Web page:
Use this URL to cite or link to this record in EThOS: https://ethos.bl.uk/OrderDetails.do?uin=uk.bl.ethos.800107
Title: A comparative study of the dress, food and leisure of domestic servants in France and Britain, 1900-1939
Author: Louvier, Fanny
ISNI:       0000 0004 8507 6193
Awarding Body: University of Oxford
Current Institution: University of Oxford
Date of Award: 2020
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Abstract:
This thesis is a comparative study of the everyday lives of French and British female domestic servants between 1900 and 1939. Despite making-up nearly half of the female workforce in both countries, the experiences of servants are hard to access. To overcome this problem, the thesis relies on a large sample of French and British servants' autobiographies. Autobiographies have been used by historians primarily to document the economic struggles these women faced and the social trajectories they followed. However, autobiographies are also bursting with revealing digressions and significant little details about servants' lives. This thesis seizes upon these insights by actively reading at the margins of servants' stories. It concentrates on three themes which were most present in servants' accounts: dress, food and leisure. What servants wore, what they ate and what they did in their free time played a key role in their negotiations of authority and the construction of class, gender, generational and regional identities. The thesis combines this focus on the micro-level of domestic servants' lives with a comparative analysis which contextualises servants' testimonies within two different social, cultural and economic environments. It shows how contrasting levels of industrialisation, urbanisation and land ownership as well as divergent forms of family structures and gender norms shaped French and British servants' world and identities. Ultimately, this comparative study of French and British servants' experiences with dress, food and leisure leads us to interrogate what it meant to be a servant and deconstruct the category of 'servanthood' in the first half of the twentieth century.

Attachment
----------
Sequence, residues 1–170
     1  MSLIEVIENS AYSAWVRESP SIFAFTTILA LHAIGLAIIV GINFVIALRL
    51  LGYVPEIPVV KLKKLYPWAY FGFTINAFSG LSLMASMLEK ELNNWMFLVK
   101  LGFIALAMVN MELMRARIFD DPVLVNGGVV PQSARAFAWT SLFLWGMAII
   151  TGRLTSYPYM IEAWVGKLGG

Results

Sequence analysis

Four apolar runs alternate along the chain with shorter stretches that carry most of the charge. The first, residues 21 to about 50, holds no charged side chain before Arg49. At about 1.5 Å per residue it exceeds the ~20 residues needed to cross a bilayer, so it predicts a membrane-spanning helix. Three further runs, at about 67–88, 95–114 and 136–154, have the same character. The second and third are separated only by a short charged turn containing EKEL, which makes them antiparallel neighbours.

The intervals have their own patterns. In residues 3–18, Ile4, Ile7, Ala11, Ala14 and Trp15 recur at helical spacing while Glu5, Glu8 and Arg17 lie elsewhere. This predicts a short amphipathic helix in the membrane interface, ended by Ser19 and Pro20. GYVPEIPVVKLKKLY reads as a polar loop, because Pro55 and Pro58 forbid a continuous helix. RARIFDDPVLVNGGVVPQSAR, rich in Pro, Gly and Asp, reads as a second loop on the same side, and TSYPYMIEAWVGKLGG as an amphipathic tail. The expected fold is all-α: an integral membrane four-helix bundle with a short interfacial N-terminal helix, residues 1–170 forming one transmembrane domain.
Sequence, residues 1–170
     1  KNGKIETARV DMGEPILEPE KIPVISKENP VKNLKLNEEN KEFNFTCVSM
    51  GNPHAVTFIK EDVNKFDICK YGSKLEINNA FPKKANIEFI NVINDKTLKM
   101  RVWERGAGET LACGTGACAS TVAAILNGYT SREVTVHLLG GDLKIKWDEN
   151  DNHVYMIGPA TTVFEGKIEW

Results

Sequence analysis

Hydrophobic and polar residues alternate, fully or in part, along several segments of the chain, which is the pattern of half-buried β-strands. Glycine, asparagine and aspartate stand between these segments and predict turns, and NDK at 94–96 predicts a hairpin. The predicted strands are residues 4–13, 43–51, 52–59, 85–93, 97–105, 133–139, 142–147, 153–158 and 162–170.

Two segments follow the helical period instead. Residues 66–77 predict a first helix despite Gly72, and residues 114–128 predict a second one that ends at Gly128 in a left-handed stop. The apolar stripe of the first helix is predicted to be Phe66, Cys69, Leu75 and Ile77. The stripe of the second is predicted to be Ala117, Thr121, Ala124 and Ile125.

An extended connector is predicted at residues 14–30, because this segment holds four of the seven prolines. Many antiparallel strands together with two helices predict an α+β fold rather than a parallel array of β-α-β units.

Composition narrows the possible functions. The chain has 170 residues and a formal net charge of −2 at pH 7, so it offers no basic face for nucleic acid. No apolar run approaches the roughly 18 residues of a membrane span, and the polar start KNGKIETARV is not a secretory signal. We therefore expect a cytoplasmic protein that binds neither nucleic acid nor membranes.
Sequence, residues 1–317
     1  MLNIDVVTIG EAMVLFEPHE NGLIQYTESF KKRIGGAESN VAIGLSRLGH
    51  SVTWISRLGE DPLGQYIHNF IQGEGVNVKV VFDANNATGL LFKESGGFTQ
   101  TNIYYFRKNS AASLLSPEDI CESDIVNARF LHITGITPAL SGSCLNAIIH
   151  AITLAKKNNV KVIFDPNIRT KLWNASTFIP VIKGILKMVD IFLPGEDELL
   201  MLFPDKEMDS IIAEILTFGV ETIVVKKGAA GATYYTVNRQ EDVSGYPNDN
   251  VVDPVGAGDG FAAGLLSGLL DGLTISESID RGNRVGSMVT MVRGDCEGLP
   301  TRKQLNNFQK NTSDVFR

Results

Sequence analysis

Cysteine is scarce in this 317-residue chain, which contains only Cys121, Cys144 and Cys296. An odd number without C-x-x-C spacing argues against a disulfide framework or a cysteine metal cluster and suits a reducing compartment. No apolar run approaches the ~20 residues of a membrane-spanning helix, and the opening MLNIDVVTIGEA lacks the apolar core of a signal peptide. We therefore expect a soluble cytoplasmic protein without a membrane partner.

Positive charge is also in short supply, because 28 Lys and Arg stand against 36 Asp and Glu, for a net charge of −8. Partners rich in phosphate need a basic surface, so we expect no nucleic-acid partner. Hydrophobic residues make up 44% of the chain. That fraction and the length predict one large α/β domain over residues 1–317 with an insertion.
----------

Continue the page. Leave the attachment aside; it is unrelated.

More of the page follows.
Supervisor: Humphries, Jane ; Hopkin, David Sponsor: Economic and Social Research Council
Qualification Name: Thesis (Ph.D.) Qualification Level: Doctoral
EThOS ID: uk.bl.ethos.800107  DOI: Not available
Keywords: History
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